The Long Road of Struggle for People with Disabilities

Hundreds of People With Disability (PwD) and activists protested in Nepal in May 2024. photo: doc DDP

In an interview, the late Michael Winter, former Executive Director of the Center for Independent Living (CIL) in California, vividly recalled the time, 34 years ago, when sixty protesters with disabilities, defying physical barriers, ascended the 78 marble stairs of the Capitol’s West Front, in Washington, DC. In his poignant account, ‘Capitol Crawl,’ he acknowledged that some may have viewed the crawl as undignified for people in wheelchairs.


“But I felt that it was necessary to show the country what kinds of things people with disabilities have to face on a day-to-day basis. We had to be willing to fight for what we believed in,” Winter reflected, showcasing the unwavering resilience and determination of disabled activists.


Although this action is painful for some people, it is compelling. Four months after the protest, on 26 July 1990, President George H. W. Bush signed the Americans with Disabilities Act into law on The White House lawn. This monumental event marked a significant step forward in the fight for disability rights. Capitol Crawl was effective because it built on a history of advocacy and legislative action.


Twenty years earlier in the UK, Alf Morris, the first Minister for Disabled People, had introduced the Disabled People and Chronic Illnesses Act, the world’s first law recognising and providing rights to people with disabilities. This was the culmination of fifty years of disabled British people’s struggle, including a National League of the Blind march and rally in London, demanding better working conditions and pay – and setting the stage for protest marches of the 1920s and 1930s, including the famous Jarrow March.


That was some early progress for disabled people in the UK and the world, but it didn’t stop there. There was another demonstration by disabled people in England in July 1992, protesting at the discriminatory treatment people with disabilities experienced when visiting restaurants or cafés, and the lack of protection against discrimination in public spaces.


These actions, including road blockades, continued in subsequent years, and only in 1995 were there changes to the law that prohibited discrimination based on disability in the workplace, consumer protection, and the right to accessible transportation.


The story of disabled activists has not only been about their own rights. In England, Rosa May Billinghurst, who had suffered from polio and used a modified tricycle chair, was a leading figure in the suffragette movement for women’s right to vote.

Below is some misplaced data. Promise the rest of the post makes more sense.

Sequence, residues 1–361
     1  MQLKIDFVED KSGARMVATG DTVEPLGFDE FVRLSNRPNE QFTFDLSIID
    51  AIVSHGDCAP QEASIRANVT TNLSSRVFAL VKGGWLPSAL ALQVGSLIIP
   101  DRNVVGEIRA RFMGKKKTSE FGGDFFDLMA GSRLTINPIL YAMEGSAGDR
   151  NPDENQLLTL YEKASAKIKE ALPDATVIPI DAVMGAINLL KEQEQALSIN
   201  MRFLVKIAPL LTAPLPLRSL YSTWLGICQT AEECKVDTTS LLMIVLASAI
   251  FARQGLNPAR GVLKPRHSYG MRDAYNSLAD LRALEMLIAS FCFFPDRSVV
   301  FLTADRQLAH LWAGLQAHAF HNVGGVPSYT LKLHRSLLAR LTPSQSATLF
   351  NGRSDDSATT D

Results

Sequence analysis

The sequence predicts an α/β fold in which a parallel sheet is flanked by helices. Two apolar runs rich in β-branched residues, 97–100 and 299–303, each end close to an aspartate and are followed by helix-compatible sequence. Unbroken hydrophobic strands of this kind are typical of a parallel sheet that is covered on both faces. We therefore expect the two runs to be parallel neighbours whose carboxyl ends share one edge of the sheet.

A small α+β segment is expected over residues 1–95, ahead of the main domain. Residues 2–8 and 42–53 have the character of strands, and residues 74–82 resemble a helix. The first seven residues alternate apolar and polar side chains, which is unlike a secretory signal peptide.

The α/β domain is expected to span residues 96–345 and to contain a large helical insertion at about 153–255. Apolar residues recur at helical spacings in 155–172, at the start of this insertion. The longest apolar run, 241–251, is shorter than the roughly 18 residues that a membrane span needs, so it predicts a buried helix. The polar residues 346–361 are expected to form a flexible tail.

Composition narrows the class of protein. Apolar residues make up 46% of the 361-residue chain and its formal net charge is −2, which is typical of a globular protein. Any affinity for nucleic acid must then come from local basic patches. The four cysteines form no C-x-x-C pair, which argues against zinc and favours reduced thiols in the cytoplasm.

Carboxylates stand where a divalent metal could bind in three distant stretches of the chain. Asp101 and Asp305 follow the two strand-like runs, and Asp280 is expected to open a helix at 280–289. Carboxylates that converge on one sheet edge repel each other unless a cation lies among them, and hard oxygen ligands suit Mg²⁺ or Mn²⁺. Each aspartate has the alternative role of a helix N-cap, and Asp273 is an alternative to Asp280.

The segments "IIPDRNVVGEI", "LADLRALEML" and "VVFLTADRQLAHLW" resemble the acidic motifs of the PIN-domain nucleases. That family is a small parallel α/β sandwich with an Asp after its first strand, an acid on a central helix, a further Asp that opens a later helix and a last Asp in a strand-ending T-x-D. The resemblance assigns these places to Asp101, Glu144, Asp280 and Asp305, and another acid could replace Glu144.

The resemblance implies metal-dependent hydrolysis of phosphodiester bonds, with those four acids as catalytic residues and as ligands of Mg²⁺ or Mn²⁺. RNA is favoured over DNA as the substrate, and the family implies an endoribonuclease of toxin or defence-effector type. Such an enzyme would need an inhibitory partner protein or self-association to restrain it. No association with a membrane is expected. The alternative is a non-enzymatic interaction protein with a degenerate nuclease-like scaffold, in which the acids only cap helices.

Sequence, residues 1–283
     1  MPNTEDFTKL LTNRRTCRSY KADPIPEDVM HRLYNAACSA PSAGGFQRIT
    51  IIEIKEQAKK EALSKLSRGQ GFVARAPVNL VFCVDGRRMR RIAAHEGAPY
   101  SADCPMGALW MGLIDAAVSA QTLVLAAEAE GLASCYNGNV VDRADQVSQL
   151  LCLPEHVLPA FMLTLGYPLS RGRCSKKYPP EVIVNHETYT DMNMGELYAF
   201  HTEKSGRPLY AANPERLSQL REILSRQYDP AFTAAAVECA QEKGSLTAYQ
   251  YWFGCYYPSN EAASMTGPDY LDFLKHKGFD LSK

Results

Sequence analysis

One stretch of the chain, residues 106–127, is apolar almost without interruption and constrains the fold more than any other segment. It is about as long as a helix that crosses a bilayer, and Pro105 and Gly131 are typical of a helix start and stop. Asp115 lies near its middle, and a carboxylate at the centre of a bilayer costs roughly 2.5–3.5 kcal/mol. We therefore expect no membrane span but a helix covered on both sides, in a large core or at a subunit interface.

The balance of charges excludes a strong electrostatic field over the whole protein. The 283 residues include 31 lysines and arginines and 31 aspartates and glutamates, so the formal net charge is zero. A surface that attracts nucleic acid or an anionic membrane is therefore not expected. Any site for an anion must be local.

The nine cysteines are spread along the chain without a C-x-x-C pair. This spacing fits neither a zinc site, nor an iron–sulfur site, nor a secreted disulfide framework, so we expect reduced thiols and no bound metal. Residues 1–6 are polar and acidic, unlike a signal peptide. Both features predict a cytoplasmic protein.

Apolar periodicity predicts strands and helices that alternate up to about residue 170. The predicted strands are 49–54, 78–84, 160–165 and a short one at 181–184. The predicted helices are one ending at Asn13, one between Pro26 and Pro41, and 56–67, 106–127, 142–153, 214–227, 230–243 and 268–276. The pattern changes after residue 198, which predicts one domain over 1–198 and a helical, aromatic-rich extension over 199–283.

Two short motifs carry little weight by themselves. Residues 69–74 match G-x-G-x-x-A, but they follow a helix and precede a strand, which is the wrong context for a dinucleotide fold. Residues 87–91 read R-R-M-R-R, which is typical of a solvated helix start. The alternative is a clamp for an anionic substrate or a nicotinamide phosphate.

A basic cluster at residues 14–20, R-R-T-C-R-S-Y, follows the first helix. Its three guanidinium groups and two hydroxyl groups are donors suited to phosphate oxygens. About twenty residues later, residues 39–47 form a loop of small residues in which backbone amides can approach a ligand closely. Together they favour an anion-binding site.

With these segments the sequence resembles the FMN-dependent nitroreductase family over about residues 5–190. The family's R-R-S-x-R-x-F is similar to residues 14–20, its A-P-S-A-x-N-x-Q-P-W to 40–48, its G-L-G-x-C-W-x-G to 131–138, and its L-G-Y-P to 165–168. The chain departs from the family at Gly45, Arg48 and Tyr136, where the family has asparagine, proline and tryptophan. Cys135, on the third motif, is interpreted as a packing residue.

Despite her limited mobility, Billinghurst fought for equality for everyone in society, even after being thrown into prison multiple times. Finally, in 1918, the Suffragettes’ struggle bore fruit in the Representation of the People Act.


These examples illustrate that the pace of change can be disappointingly slow, and the struggle is often long, uphill, incremental and cumulative, but we can all support those who demand the implementation of legislation that is already supposed to be in force.


As a person with severe disabilities, Deepak Bhandari is entitled to personal assistance according to Nepalese legislation, but this support has yet to be provided. Initially, he sat in silence as a protest, but seeing no response from the government, he went on a hunger strike. Disability organisations, including the National Federation of the Disabled (NFDN), recognised his legitimate demands, and disability rights activists have joined him in solidarity.


In May 2024, the movement expanded to protests in Nepal’s capital, Kathmandu, to express dissatisfaction with the government’s non-implementation of the right to personal assistance for those with severe disabilities. Large numbers of people, many in wheelchairs and riding 3-wheeler scooters, closed main roads with loud and eye-catching demonstrations. Unfortunately, local journalists reported arrests and violent police action, but the protests continued.


It has been reported that hundreds of disabled people, including those with deafness, hard of hearing, spinal paralysis, and autism, have participated in the movement. Activists warned the government that they would block main roads of the capital and were prepared to continue with hunger strikes if their legitimate demands were not addressed.


Finally, the government has agreed to spell out within 45 days how the right to personal assistance will be implemented, bringing the protests to an end for now. We hope that, thanks to his activism, the solidarity of the disability movement and concerted nonviolent direct action, Mr Bhandari and others will receive the support they need.